Blueprints: Hundreds of fragments from 40 years of composing, projected on screen for musicians and audience alike, then inverted, reverted, subverted, coaxed out and conducted

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I used to look back at my old music, and there were things I wished I could do again. Wouldn't that be fun, I thought, to do Empty Suits again, or Claude's Late Morning, or my Music of the Moscow Circus. But to mount each project, each band configuration again, rehearse it, etc.,  was too daunting.  And then, why? I already had done it. Then I got this idea, where I can have my cake and eat it too. Instead I would take my favorite parts of every single piece of music I have ever written, extract them from the mother piece, strip them of all context (dynamics, instrumentation, tempo), and paste them up, one to a page, in a gigantic meta score. Sometimes the fragments are a few bars, sometimes they are a melody, or just a chord progression, or graphic, or just a suggestion. Then I take this 'score' and project it from an iPad on a screen for the musicians to read. I can switch between each of these "blueprints" spontaneously, at will, and the musicians must follow. Using conduction, I can select different combinations of instruments, and also go 'outside' the written music by calling for solos, loops, loud bursts — anything can occur. Plus the musicians can always just improvise when they want, further developing/subverting the music. The original idea is thus completely transformed, but in a completely different way each time we play it, depending on which blueprints are chosen, when, and how they are played.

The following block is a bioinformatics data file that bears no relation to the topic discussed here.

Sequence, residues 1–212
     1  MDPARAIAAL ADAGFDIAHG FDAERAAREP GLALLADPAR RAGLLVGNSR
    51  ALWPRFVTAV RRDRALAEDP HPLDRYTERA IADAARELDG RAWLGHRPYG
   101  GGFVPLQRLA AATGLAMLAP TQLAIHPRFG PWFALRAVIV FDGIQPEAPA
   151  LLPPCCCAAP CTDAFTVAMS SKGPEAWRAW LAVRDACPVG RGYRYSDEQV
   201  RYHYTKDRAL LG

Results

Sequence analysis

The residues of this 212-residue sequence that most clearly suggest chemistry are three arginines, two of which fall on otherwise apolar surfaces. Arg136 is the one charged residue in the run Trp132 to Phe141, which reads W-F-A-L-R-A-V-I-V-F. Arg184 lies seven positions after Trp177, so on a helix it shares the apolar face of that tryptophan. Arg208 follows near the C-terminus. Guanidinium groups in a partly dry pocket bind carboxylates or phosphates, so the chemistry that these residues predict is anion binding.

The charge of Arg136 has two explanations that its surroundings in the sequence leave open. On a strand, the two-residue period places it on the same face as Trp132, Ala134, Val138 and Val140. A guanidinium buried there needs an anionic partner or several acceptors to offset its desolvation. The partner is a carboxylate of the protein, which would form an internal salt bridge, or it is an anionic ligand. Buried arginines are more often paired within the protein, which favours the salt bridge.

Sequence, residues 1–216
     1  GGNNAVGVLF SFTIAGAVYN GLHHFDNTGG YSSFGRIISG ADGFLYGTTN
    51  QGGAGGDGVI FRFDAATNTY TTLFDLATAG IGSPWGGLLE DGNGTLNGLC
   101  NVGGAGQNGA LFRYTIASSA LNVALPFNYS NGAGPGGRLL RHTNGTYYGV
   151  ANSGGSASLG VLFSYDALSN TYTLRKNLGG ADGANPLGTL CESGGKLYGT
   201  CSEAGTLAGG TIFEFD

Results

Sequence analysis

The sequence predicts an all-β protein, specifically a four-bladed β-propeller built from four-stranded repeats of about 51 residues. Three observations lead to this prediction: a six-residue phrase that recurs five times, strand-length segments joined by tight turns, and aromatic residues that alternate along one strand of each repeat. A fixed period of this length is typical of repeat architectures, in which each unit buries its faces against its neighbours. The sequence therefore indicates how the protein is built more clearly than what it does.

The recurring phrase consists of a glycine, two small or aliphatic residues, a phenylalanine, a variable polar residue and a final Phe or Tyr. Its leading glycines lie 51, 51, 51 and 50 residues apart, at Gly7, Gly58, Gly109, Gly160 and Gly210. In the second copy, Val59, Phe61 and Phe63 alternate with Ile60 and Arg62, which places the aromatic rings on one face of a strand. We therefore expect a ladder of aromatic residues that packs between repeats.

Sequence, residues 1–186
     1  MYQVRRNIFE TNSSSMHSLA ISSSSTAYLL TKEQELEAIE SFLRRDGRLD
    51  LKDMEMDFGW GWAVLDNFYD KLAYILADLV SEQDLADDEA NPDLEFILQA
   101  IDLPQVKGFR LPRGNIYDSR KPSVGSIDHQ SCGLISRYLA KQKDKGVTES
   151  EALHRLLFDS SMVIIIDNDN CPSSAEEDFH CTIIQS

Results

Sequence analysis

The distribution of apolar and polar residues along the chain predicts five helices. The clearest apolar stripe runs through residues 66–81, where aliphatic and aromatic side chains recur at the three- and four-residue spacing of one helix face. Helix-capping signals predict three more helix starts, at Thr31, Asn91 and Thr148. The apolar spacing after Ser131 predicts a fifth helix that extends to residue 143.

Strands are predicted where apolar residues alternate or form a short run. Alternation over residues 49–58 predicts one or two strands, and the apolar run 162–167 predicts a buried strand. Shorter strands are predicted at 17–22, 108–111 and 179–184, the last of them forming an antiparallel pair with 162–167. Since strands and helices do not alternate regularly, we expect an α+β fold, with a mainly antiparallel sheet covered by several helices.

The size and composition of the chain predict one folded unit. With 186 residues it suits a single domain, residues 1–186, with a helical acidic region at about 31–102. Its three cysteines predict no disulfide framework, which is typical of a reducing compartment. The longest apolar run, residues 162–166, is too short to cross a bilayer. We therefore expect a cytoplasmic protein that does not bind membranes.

But here's the twist: not only do the musicians read from the screen  — the audience does too.

I don't have much free time during the concert to take a peek at them, but when I do I see they are by turns mystified and wondrous as they try to connect what they are hearing to what they see on the screen. Because sometimes what's on the screen is a pretty close representation of what's being played, but sometimes, when we are really going off the chart, it's not at all.  We (myself and some great musicians who live nearby) have been Blueprinting at the HiLo in Catskill in upstate New York, a great little club, and it is there that Blueprints was first born and is now being developed.  It is for a rotating ensemble of musicians, always changing week to week. They are my partners in bringing to life this "Symphony of Small Parts." Thank you musicians!

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